Yeah, anyway, the twist. Although Stan can’t remember everything he remembers some things, how to dress, speak English, read and write, and remembers lives he’s lived before this one. Whoa. What? Remember his past lives?

Yup, that’s right and their personalities reside in him now too. They carry on. They’re rude, have different skills. Oh, did I tell you Stan is a ribald bastard, both with his imagery and language? It’s the way Ol’ Stan thinks.

All of the lives bring their own brand of vitality they acquired during their own lifetime of learning, and like life, there are good things and some regrettable things. The most notable catch is the lives don’t seem to get along. They argue with each other, with Stan, and occasionally Stan lets them actually move his body. So even if no one is around there is conflict, humor, and conversation.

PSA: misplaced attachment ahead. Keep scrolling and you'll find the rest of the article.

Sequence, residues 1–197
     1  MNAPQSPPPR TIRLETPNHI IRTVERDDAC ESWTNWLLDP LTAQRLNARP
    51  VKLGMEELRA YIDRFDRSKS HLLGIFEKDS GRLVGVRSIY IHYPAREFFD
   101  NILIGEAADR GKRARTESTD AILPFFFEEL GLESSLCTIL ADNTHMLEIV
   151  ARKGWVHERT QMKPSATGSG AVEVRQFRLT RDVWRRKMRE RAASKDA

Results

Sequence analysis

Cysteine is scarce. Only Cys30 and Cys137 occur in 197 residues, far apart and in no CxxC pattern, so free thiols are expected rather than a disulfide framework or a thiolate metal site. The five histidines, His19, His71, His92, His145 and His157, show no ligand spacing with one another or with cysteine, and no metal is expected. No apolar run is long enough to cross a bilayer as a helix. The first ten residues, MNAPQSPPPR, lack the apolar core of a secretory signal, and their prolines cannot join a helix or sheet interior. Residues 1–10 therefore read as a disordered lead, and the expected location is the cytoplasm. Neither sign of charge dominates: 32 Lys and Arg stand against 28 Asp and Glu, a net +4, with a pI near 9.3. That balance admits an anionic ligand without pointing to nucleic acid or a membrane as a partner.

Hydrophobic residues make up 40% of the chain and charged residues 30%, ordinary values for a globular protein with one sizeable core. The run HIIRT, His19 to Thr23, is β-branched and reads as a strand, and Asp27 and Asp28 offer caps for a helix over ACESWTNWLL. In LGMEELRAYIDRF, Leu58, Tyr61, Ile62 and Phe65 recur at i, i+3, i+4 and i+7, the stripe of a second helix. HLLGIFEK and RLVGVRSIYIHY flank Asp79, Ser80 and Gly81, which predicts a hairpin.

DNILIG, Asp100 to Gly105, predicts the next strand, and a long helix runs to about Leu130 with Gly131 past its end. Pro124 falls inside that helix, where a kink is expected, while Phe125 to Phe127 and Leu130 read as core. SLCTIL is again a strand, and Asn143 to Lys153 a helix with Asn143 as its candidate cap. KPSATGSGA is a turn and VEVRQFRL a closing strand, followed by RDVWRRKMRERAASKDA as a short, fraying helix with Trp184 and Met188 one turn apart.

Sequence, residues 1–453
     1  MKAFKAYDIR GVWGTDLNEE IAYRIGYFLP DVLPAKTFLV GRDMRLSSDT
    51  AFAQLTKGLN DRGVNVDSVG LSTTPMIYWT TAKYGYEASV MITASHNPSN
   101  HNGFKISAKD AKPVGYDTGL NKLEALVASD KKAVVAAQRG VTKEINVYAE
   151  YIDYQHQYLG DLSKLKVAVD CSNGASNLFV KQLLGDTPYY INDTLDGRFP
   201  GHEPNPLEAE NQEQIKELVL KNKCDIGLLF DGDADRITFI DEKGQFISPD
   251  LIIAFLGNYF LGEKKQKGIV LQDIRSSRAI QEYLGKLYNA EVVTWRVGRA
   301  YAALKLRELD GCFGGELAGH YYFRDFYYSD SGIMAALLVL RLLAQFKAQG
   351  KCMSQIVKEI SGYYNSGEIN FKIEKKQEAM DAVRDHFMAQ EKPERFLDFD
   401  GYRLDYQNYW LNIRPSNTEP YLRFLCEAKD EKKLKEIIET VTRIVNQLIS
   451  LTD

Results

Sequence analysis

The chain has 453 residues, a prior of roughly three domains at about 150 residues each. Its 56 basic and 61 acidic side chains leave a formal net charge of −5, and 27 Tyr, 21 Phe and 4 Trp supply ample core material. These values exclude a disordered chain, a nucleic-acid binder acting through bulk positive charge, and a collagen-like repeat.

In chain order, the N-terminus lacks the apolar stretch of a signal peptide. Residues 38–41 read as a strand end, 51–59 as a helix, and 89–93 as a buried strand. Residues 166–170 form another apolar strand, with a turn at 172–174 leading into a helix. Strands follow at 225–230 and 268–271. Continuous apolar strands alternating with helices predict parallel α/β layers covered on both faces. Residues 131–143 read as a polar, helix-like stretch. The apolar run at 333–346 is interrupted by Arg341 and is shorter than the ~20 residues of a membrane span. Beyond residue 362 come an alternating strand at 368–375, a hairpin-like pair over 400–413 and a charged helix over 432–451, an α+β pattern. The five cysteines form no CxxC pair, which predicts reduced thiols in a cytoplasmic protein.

The last thing you need to know is that everyone wants to kill him.

Around the corner from the main storyline are some back stories. These are like a little toe dipping into historical fiction. The Sigma Factor had a chapter in a slave’s cabin during the mid 19thCentury. Let’s say there is a chapter full of struggles and conflict. In The Dao Factor, there are chapters in China/Korea circa 5th Century. You will have to buy the book to find out what conflicts happen in those chapters. There is an exception to that. A couple of blog posts ago I gave an example of the China chapters.